(Bloomberg) -- Shares of Uber Technologies Inc. and Lyft Inc. tumbled on Wednesday as investors worried the coronavirus outbreak might be entering a phase where fewer people choose to step out of their homes, hurting the demand for ride-hailing services.
Uber shares fell 9.4%, while Lyft plunged 12% in its biggest ever drop.
“We could be entering a much more troublesome phase for Uber and Lyft where people choose not to go out at all,” Atlantic Equities analyst James Cordwell said in an interview, adding that up until now we were in the sweet spot for ride hailing where people were still going out, though somewhat reticent to take public transit.
The virus-related turmoil has continued to deepen over the past few weeks, sending stock markets around the globe plummeting. The crisis deteriorated further after the World Health Organization said Wednesday the virus spread was now a pandemic, while the U.S. government remained unable to detail any stimulus measures to combat the economic fallout.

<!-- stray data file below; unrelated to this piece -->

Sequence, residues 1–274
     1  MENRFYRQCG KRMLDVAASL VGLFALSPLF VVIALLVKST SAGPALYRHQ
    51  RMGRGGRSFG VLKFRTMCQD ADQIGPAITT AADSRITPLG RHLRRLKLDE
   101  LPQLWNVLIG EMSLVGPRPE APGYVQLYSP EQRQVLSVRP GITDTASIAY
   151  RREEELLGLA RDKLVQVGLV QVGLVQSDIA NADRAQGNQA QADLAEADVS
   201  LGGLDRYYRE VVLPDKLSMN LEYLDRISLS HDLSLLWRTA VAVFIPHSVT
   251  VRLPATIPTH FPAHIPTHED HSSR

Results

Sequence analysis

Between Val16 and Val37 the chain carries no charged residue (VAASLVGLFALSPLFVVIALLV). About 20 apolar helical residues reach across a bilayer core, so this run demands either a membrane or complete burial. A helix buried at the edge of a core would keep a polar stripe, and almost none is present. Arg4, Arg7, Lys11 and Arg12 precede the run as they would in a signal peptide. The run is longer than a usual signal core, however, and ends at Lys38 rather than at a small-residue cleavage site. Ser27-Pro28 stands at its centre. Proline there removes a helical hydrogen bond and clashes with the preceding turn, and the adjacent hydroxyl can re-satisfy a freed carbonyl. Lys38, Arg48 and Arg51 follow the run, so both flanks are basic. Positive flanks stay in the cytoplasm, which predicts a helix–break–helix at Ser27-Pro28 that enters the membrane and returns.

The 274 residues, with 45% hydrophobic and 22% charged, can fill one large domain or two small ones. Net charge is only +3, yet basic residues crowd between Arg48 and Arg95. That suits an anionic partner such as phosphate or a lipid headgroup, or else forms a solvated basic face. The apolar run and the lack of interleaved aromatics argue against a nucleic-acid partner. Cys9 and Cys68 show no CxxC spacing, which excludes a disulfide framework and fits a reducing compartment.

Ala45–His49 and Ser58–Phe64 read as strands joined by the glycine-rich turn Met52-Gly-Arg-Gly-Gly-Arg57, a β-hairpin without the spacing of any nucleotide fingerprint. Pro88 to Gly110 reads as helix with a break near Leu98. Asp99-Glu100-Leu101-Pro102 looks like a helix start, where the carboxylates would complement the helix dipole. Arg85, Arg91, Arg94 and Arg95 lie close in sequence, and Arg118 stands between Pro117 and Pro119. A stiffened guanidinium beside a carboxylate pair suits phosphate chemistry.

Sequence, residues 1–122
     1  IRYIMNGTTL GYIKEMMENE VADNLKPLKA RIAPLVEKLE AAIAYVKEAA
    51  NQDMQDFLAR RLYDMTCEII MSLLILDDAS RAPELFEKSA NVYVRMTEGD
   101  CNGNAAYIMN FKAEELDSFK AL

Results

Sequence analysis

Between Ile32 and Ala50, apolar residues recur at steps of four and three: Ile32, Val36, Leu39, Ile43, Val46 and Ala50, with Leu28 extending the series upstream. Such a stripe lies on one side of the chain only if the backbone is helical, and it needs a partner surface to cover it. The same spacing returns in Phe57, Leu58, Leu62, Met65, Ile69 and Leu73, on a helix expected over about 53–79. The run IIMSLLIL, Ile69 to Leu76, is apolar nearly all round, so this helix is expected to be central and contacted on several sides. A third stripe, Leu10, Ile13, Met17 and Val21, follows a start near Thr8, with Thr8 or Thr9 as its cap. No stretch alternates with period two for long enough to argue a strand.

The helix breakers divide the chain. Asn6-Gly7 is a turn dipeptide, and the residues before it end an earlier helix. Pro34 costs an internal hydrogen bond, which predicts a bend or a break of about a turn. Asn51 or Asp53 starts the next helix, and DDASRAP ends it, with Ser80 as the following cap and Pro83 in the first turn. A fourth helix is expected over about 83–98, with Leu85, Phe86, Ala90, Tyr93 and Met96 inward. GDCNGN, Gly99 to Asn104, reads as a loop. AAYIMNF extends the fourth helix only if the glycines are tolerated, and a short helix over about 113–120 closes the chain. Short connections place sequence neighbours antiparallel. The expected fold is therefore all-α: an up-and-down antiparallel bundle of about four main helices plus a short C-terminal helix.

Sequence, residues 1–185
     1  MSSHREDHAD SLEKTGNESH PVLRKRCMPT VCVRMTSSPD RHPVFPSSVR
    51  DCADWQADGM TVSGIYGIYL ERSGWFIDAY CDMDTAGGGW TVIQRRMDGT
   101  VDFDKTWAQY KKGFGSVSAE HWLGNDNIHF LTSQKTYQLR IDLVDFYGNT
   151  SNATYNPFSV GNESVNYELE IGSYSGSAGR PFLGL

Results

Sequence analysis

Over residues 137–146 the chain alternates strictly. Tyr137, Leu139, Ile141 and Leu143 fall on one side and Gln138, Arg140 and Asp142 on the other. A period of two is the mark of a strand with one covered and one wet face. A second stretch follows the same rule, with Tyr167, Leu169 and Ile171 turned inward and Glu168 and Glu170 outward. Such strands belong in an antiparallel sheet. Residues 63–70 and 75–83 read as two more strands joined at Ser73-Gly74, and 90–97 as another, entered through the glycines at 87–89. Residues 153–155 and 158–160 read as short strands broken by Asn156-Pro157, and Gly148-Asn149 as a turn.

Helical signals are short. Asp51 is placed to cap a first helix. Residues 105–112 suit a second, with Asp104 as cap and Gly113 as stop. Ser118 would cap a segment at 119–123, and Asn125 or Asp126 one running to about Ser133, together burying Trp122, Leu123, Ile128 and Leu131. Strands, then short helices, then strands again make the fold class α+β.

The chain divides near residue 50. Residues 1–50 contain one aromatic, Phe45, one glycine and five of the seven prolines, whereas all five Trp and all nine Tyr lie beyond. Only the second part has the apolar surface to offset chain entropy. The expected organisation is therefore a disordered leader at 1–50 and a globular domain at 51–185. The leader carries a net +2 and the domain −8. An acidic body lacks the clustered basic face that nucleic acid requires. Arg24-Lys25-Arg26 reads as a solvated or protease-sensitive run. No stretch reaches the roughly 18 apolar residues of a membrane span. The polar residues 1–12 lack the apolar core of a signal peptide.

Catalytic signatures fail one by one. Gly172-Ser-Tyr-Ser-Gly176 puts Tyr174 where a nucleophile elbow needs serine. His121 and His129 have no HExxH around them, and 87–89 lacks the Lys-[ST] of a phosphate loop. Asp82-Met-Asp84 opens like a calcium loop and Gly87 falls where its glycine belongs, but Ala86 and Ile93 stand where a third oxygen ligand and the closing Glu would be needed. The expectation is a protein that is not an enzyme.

Meanwhile, travel restrictions around the world have risen. Airlines have canceled flights to heavily-impacted countries; companies have encouraged remote work and fewer business trips; and universities have moved to virtual classes. According to Uber, airport trips make up about 15% of its gross ride bookings.
“As travel slows and consumers work from home/go out less, we see potential for both companies to see slowing ride trends in March through April, and that creates ride-sharing revenue risk,” Raymond James analyst Justin Patterson wrote in a note on Tuesday. The analyst said Raymond James’ survey work shows airports, nightlife, and commutes are the most common route types.
The broader market meltdown is also bringing the two companies’ cash situation under sharper focus, as investors turn more risk averse.
“I wonder if the market is beginning to worry about the cash burn implications if ride hailing activity drops significantly for an extended period,” Atlantic’s Cordwell said. Both companies have a limited period to become free cash flow positive before they run out of cash, and a few weeks of “little or no ride-hailing activity would materially shorten that time-frame.”
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